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Nov. 11 — Officials from NOAA's National Weather Service today said the Puget Sound metro area is taking winter by storm and recognized the City of Seattle and King, Pierce and Snohomish counties among the agency’s “StormReady” communities. With a population reaching two million residents, the region is now the largest metro area in the nation to commit to the StormReady program and its mission to help protect citizens from severe weather events. NOAA, the National Oceanic and Atmospheric Administration, is an agency of the U.S. Department of Commerce.

“StormReady encourages jurisdictions to take a new proactive approach to improving local hazardous weather operations and public awareness. These Puget Sound communities have taken an excellent coordinated approach to severe weather and flooding concerns,” said Chris Hill, meteorologist in charge at the NWS forecast office in Seattle. “The leaders of King, Pierce and Snohomish counties and the city of Seattle have shown great dedication to achieve StormReady status. Their hard work and sincere partnership with the National Weather Service directly benefits citizens.”

The nationwide community preparedness program uses a grassroots approach to help communities develop plans to handle local severe weather and flooding threats. The program is voluntary and provides communities with clear-cut advice from a partnership between the local NWS weather forecast office and state and local emergency managers. StormReady started in 1999 with seven communities in the Tulsa, Okla., area. There are now more than 800 StormReady communities in 47 states.

Since 1950, Washington state has averaged one federally declared weather disaster each year with flooding the most common calamity, followed by wind, snow/ice, wildfires and landslides.

“StormReady recognition is a positive indication these communities take the dangers of severe weather seriously,” said Dr. James R. Mahoney, assistant secretary of commerce for oceans and atmosphere and NOAA deputy administrator. "NOAA commends the efforts of community leaders to protect their citizenry from harm. We hope these efforts will continue to spread across the country."

At a news conference held at the NOAA Sand Point facility in Seattle today, Hill presented recognition letters and special StormReady signs to Seattle Emergency Management Director Grace Crunican, King County Executive Ron Sims, Pierce County Executive John Ladenburg and Snohomish County Executive Aaron Reardon. The StormReady recognition will be in effect for three years when each jurisdiction will go through a renewal process.

“Every year, around 500 Americans lose their lives to severe weather and floods,” said Brig. Gen. David L. Johnson, U.S. Air Force (Ret.), director of NOAA's National Weather Service. “More than 10,000 severe thunderstorms, 2,500 floods, 1,000 tornadoes and 10 hurricanes impact the United States annually. Potentially deadly weather can affect every person in the country. That’s why NOAA's National Weather Service developed the StormReady program.”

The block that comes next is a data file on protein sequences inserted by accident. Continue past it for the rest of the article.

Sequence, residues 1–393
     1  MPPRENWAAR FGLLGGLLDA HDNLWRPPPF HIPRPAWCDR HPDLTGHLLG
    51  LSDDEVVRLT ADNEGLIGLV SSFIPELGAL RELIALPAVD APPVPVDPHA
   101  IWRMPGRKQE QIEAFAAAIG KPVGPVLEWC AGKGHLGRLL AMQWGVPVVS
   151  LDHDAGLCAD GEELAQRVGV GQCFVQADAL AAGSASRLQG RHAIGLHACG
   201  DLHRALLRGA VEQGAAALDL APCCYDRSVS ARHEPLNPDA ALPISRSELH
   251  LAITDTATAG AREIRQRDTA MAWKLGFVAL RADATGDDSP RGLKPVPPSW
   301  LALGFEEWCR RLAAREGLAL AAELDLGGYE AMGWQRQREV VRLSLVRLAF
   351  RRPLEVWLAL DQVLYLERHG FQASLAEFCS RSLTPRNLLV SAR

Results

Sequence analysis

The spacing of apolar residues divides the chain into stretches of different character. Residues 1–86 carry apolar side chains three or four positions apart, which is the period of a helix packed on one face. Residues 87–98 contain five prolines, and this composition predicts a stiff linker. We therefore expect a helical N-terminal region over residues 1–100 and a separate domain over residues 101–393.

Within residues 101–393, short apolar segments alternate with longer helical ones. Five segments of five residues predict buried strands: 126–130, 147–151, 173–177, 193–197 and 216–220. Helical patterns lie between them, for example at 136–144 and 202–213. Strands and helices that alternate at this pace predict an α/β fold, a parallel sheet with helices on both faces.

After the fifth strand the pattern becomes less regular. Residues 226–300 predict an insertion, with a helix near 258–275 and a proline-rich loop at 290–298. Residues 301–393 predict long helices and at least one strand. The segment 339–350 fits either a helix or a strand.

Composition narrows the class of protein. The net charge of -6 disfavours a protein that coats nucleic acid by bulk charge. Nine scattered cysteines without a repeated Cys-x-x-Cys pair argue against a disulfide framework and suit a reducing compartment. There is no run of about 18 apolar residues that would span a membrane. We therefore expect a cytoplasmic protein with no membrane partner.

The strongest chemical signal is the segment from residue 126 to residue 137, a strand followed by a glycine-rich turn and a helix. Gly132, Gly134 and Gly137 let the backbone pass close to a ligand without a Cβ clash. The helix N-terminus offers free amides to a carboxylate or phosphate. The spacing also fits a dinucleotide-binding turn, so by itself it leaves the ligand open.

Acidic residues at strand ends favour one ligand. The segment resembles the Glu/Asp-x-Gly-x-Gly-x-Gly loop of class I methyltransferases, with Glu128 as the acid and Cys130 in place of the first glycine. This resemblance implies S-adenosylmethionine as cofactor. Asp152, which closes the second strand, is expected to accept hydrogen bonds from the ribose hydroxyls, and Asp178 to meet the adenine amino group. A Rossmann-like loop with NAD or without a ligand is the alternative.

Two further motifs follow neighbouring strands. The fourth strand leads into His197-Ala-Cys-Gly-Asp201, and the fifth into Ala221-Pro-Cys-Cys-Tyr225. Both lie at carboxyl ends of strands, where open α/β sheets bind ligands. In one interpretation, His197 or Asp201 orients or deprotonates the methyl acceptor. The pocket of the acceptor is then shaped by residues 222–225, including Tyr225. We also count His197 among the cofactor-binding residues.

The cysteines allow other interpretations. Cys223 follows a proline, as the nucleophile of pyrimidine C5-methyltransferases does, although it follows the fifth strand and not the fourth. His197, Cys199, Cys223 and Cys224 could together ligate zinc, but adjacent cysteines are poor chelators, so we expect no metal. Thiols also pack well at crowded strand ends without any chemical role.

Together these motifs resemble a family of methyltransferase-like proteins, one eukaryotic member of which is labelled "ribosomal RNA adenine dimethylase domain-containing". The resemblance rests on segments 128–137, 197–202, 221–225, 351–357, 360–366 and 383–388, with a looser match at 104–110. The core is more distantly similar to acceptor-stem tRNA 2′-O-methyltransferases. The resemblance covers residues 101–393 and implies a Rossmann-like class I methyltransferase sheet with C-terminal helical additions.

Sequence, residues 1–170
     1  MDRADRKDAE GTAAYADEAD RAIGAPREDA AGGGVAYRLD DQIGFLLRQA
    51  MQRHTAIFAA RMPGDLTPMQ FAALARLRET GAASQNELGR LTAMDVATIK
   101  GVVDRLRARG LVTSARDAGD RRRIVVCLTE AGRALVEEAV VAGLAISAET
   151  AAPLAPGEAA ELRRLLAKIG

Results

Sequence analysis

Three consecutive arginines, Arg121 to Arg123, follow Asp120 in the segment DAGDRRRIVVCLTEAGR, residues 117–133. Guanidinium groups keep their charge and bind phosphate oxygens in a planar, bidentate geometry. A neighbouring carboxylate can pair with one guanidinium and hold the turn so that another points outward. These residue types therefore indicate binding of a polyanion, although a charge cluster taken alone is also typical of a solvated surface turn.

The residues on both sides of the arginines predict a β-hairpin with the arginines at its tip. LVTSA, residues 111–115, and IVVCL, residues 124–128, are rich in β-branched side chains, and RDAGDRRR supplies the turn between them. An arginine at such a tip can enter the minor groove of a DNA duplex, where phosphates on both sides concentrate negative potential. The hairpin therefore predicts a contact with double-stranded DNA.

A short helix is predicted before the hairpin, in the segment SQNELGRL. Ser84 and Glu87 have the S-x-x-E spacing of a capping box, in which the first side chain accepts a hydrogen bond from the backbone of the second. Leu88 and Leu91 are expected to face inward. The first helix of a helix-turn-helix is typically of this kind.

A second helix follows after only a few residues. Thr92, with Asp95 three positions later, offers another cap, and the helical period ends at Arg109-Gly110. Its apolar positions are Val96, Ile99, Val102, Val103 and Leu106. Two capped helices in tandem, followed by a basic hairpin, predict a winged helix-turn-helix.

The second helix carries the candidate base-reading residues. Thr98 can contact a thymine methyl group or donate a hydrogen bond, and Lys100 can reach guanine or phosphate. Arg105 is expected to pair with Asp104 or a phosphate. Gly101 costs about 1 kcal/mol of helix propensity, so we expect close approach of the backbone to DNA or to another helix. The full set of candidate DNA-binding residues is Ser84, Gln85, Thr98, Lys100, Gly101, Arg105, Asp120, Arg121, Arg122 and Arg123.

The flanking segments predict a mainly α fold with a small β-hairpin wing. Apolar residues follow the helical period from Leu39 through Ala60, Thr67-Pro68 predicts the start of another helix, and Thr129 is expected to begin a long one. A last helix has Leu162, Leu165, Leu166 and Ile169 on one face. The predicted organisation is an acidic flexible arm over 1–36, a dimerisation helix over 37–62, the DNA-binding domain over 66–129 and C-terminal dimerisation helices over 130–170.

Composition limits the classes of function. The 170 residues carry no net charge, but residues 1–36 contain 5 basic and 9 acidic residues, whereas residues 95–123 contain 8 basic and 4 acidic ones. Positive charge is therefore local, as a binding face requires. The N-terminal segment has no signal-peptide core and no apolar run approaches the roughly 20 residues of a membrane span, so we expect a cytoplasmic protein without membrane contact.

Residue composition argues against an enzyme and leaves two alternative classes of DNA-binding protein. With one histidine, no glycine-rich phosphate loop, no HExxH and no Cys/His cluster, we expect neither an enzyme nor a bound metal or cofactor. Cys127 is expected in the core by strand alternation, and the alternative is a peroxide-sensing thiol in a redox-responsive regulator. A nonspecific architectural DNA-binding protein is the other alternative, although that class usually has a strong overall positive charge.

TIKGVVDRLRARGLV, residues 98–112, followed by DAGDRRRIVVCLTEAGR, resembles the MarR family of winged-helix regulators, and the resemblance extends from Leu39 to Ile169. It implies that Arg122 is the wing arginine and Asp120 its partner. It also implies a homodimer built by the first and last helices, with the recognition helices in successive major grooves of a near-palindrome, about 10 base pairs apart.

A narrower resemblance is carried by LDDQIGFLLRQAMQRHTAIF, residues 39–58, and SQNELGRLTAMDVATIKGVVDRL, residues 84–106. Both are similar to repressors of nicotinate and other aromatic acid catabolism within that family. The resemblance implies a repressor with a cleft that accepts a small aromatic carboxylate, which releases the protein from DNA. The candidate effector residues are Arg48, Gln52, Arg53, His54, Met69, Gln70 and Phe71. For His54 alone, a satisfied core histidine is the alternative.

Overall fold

To be recognized as StormReady, a community must:

  • Establish a 24-hour warning point and emergency operations center;
  • Have more than one way to receive severe weather forecasts and warnings and to alert the public;
  • Create a system that monitors local weather conditions;
  • Promote the importance of public readiness through community seminars;
  • Develop a formal hazardous weather plan, which includes training severe weather spotters and holding emergency exercises.

“The United States is one of the most severe weather prone regions of the world. The mission of the National Weather Service is to reduce the loss of life and property from these storms, and StormReady helps us create better prepared communities throughout the country,” said Ted Buehner, warning coordination meteorologist at the Seattle weather forecast office.

"Just like communities, families need to be storm ready by having an action plan for severe weather. Through StormReady, the National Weather Service and its partners plan to educate every American about what to do when severe weather strikes because it is ultimately each individual’s responsibility to protect him or herself,” Buehner added.

NOAA’s National Weather Service is the primary source of weather data, forecasts and warnings for the United States and its territories. NOAA's National Weather Service operates the most advanced weather and flood warning and forecast system in the world, helping to protect lives and property and enhance the national economy.

NOAA is dedicated to enhancing economic security and national safety through the prediction and research of weather and climate-related events and providing environmental stewardship of our nation’s coastal and marine resources.

Media contacts:

Greg Romano, NWS Public Affairs: (301) 713-0622
Ted Buehner, NWS Weather Forecast Office: (206) 526-6095

Additional media contacts:

Eric Holdeman, King County Office of Emergency Management: (206) 205-4060
Roger Serra, Snohomish County Department of Emergency Management: (425) 423-7635
Steve Bailey, Pierce County Department of Emergency Management: (253) 798-6595

Related Web sites:

National Weather Service: or
StormReady graphics and program information:


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  Page last modified: 11-Mar-2010 9:35 AM